Earth building is experiencing a renaissance due to the emerging recognition of the damage the construction industry is doing to the global environment. Research over the past three decades has identified the hygroscopic nature of these materials, and our understanding of the factors governing their hydromechanical properties is now mature. However, little work has been done to unify methods to assess material durability: namely, how exposure to degrading agents, predominantly water, impacts a structure's service life. Although strength is usually of primary concern to engineers, it is undeniable that earthen structures usually fail due to durability, rather than strength, issues. As earthen architecture and demands made of the material become more ambitious, the need for robust guidelines on how to predict the longevity of these structures becomes paramount. This paper presents a framework for assessing the durability of earthen materials based on perceived routes of exposure to water. The framework is built upon the findings of a review of nearly 60 articles discussing original durability testing programmes, comprising 118 investigations and almost 700 soil and stabiliser combinations. From these works, 12 assessment methodologies were identified, encompassing a range of earthen construction techniques, e.g. mud brick, compressed earth blocks and rammed earth. Each method is described and its suitability for assessing the real world durability of a range of earthen construction techniques appraised. From this, the efficacy of each test was determined and a shortlist of suitable tests created. The derived framework provides assessors with a method to determine likely exposure routes for an earthen construction element (e.g. an internal or external wall) and, from the shortlisted methods, to specify the range of tests necessary to ensure suitable durability given the construction and environmental conditions. This work forms part of the update to the Standards Australia Earth Building Handbook: SA HB 195.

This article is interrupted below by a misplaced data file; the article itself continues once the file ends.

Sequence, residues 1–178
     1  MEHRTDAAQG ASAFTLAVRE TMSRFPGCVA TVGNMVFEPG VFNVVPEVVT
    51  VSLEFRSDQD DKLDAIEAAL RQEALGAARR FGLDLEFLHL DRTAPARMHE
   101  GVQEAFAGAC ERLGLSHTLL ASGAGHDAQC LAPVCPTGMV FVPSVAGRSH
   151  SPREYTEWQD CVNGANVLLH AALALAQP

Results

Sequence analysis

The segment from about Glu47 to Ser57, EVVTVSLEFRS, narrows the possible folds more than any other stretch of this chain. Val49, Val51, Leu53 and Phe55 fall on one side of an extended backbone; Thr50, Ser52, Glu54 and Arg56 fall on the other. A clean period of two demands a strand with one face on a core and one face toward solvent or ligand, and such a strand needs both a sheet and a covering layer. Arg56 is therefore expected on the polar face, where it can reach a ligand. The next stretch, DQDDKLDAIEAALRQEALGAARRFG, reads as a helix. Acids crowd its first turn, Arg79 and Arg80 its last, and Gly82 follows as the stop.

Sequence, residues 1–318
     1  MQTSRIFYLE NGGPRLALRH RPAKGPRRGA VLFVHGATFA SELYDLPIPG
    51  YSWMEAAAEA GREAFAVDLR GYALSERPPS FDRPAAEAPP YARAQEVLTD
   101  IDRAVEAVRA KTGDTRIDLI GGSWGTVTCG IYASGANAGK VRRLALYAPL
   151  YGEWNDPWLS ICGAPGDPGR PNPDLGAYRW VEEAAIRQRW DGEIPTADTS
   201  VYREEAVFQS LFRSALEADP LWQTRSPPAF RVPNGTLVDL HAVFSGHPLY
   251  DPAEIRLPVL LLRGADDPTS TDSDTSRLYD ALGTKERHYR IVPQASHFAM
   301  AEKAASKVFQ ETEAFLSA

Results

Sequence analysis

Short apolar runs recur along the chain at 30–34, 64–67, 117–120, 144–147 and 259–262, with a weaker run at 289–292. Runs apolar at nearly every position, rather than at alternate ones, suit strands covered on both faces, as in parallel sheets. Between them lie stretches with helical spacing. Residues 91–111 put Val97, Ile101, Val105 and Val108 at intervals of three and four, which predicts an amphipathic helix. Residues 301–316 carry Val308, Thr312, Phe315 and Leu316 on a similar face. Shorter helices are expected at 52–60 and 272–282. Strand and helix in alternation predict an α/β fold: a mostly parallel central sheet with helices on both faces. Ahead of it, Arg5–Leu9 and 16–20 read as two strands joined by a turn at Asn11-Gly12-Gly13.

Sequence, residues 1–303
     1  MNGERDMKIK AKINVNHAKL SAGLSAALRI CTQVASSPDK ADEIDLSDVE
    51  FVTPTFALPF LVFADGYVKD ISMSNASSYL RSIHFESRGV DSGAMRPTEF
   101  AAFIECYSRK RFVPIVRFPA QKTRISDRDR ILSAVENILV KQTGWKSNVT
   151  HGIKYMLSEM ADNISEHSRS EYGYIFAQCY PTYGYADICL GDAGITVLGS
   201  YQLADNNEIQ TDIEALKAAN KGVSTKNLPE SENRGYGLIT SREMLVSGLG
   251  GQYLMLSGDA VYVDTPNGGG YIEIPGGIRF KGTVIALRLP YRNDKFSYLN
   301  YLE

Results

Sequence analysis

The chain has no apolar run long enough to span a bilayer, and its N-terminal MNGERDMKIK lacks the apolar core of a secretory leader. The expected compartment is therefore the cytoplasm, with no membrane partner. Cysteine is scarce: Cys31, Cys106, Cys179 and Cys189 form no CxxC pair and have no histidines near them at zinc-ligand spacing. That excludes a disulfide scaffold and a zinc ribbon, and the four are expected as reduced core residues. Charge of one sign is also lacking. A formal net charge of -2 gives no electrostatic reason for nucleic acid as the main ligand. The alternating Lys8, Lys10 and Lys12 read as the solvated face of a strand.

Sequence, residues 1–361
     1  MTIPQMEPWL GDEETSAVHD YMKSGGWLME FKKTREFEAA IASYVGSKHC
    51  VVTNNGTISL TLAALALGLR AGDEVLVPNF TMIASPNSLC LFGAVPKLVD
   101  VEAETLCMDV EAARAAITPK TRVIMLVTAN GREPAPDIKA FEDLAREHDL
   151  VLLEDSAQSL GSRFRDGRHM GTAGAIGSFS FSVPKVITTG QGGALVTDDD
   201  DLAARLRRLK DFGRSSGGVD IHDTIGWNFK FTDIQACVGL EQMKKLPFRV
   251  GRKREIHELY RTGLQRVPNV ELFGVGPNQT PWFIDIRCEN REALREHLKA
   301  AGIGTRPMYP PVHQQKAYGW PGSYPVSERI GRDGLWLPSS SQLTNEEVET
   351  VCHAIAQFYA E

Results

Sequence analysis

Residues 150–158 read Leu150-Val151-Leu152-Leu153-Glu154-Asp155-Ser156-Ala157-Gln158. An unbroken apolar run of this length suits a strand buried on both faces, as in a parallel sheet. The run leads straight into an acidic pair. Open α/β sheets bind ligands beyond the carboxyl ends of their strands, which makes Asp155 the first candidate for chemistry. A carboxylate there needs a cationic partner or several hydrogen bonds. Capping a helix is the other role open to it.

Bibliographical noteNOTICE: this is the author’s version of a work that was accepted for publication in Construction and Building Materials. Changes resulting from the publishing process, such as peer review, editing, corrections, structural formatting, and other quality control mechanisms may not be reflected in this document. Changes may have been made to this work since it was submitted for publication. A definitive version was subsequently published in Construction and Building Materials, 242, (2020)
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- Earthen construction
ASJC Scopus subject areas
- Civil and Structural Engineering
- Building and Construction
- Materials Science(all)